Chances are you haven't been able to live the past few weeks without hearing about Making a Murderer, and it seems like that's not going to change any time soon.
The hit Netflix docu-series, which tells the story Steven Avery, a man who was wrongfully convicted and served 18 years in prison for a crime he didn't commit, was released, and then sentenced to life in prison for murder just two years after his release, has sparked and inspired people in many ways.
There was a White House petition. Another documentary. A Seth Meyers recreation. And now, a Christian rap song.
But it's not just any rap song. This musical declaration was done by none other than Brad Dassey, the half-brother of Brendan Dassey (Avery's nephew who is also serving life in prison for his alleged involvement with the murder of Teresa Halbach), who defends his family members and criticizes the justice system bar after bar.
"They Didn't Do It" is an in-your-face string of rhymes that not only claims Brendan and Steven Avery are innocent, but also accuses Manitowoc County of evading due process.
"Yeah, injustice slammed in the face of two innocent people," Dassey opens, and includes a hook that exclaims, "Not a fair trial, not a fair game/ Whole thing's wack, just a lyin' shame."
"I just want people who support our family to listen to it," the Christian rap indie artist told The Daily Beast. "It's more of a victory song to the better days ahead, because I just had a dream the other day that [Brendan and Steven] were out, and there was going to be a massive party and people all over the globe were going to come down and celebrate."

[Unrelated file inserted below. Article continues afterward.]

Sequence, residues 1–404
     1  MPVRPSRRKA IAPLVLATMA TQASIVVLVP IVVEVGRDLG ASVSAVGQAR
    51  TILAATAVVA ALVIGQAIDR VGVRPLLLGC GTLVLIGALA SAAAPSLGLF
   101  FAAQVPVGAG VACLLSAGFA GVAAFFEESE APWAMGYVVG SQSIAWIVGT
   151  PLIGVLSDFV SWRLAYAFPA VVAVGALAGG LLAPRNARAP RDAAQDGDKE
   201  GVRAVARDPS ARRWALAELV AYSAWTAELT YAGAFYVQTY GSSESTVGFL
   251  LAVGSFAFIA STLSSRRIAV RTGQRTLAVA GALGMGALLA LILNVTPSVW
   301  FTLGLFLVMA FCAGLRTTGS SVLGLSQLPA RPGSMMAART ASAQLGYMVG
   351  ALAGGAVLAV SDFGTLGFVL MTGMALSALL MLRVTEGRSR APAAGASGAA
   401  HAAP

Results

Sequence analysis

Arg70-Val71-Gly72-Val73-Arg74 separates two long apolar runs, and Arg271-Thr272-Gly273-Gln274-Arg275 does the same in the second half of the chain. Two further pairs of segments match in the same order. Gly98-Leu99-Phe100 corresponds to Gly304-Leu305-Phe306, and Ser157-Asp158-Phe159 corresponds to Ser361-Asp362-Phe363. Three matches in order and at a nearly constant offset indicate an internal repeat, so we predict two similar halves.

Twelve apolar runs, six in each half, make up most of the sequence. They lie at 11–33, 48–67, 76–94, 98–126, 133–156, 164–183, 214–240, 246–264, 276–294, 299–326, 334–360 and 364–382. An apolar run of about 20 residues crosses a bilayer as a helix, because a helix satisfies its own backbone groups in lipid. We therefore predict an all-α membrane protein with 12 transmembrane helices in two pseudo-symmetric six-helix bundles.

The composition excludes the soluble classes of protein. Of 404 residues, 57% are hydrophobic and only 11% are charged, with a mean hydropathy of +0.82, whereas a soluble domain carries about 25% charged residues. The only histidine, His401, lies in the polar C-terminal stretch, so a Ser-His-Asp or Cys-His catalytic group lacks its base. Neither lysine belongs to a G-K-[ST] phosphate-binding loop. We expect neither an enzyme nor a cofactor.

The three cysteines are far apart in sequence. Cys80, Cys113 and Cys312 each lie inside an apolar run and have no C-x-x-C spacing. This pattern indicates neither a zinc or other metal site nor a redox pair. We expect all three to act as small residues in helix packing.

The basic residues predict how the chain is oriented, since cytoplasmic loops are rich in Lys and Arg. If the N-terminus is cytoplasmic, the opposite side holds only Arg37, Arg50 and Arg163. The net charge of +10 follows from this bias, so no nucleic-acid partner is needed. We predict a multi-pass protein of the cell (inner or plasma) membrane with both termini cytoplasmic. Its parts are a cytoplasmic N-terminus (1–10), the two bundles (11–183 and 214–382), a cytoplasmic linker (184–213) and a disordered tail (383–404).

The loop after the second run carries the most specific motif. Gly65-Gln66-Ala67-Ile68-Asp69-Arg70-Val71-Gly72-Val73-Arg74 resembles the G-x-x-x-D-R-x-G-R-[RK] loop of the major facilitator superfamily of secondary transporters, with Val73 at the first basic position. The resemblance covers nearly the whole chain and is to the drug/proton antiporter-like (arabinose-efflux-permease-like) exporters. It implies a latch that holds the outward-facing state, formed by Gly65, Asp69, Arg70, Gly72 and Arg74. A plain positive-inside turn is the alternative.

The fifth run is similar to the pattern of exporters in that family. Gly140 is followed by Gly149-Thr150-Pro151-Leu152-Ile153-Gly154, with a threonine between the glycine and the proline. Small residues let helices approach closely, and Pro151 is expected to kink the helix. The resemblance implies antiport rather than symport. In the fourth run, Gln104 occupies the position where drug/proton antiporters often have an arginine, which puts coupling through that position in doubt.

He continued, "I mainly wrote it and gave it the passion it deserves from a half-brothe. When I was visiting my brother in prison [in 2011], he knew I was into rap and making music. He wanted me to rap some lyrics right there in front of him."
Dassey shares that while this track is to highlight focus on the case as a whole, he really wants to shed some light and support for Brendan, who he feels doesn't get as much attention as his now-famous uncle.
"I was influenced to write it because everybody's talking about Steven this, Steven that. Nobody talks about Brendan. The poor guy just got railroaded by investigators and got the raw end of the deal, and somebody needs to support him."